Entertainment & Arts

Europe, Germany, Landkreis Mainz-Bingen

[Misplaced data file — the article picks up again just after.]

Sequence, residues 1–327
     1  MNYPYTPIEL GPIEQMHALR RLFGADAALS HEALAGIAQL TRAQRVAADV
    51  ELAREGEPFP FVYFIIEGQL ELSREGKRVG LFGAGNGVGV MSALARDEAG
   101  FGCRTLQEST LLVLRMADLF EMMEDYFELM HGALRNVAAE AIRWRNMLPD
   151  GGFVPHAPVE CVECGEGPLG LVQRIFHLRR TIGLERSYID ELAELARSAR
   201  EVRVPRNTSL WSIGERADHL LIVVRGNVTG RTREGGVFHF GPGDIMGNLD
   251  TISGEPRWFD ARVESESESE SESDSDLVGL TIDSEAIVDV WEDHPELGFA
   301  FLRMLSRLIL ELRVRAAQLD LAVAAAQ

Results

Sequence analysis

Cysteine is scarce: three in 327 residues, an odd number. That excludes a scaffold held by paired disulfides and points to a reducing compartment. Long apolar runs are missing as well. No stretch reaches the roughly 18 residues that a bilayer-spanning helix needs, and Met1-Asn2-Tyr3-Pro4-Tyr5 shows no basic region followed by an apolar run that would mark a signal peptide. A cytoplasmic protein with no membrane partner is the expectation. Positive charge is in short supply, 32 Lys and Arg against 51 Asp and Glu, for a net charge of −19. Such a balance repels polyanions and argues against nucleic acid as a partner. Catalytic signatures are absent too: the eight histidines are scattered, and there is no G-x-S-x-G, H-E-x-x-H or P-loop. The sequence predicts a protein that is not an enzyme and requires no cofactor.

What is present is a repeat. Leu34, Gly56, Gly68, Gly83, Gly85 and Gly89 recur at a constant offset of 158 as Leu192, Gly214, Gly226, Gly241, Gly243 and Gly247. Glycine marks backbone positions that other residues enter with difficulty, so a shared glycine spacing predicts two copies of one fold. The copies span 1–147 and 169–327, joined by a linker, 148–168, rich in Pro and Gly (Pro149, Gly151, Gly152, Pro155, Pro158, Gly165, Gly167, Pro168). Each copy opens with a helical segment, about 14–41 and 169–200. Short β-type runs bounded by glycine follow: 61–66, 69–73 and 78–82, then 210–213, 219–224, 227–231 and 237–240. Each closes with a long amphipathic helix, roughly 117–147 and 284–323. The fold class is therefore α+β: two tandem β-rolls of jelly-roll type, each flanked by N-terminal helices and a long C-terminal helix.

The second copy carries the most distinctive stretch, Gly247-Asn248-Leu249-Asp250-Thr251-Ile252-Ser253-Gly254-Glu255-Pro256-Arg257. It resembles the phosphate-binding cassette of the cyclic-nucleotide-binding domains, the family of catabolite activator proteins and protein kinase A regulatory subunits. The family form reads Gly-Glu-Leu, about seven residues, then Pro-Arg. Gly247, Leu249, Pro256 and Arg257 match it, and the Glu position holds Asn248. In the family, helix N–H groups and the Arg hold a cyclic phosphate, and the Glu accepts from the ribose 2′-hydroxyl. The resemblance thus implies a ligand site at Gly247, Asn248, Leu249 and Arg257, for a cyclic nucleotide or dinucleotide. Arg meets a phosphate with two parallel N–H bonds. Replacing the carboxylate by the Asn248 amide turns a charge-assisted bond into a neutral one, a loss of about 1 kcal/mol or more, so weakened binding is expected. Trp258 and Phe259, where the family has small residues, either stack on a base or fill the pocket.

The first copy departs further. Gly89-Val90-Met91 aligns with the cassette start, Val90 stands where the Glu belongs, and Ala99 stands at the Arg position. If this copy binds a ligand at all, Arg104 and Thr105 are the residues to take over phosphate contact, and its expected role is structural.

The Mouse Tower (Mäuseturm) is a stone tower on a small island in the Rhine, outside Bingen am Rhein, Germany. The Romans were the first to build a structure on this site. It later became part of Franconia, and it fell and had to be rebuilt many times. Hatto II, the Archbishop of Mainz, restored the tower in 968. The story of how it came to be called the "Mouse Tower" comes from a folk tale. This popular legend goes as follows: Hatto II was a cruel ruler who oppressed and exploited the peasants in his domain. He used the tower as a platform for crossbowmen and demanded tribute from passing ships, shooting their crews if they did not comply. During a famine in 974 the poor people were without food, and Hatto, having all the grain stored up in his barns, used his monopoly to sell it at such a high price that most could not afford any. The peasants were getting angry and organizing to rebel, so Hatto devised a cruel trick. He promised to feed the hungry people and told them to go to an empty barn and wait for him to come with food. The peasants were overjoyed and praised Hatto heartily, and all of them journeyed to the barn to await his coming. When he showed up with his servants, he ordered the barn's doors shut and locked, then set the barn on fire and burned the peasants to death, derisively commenting on their death cries with the words "Hear the mice squeak!" (This quote exists in several slight variations.) When Hatto retired to his castle, he was instantly besieged by an army of mice. He fled the swarm and took a boat across the river to his tower, hoping that the mice could not swim. The mice followed him and rushed into the river by the thousands. Many of them drowned, but even more crawled onto the island. There, they ate through the tower's doors and crawled up to the top floor, where they found Hatto and ate him alive. The "Mouse Tower" story about a cruel ruler has been told about numerous rulers, but this is the most famous version. An allusion to this tale can be found in the poem "The Children's Hour" by Henry Wadsworth Longfellow: In 1298 the structure became an official customs collection tower. It was destroyed by a French army in 1689, then rebuilt in 1855 as a Prussian signal tower.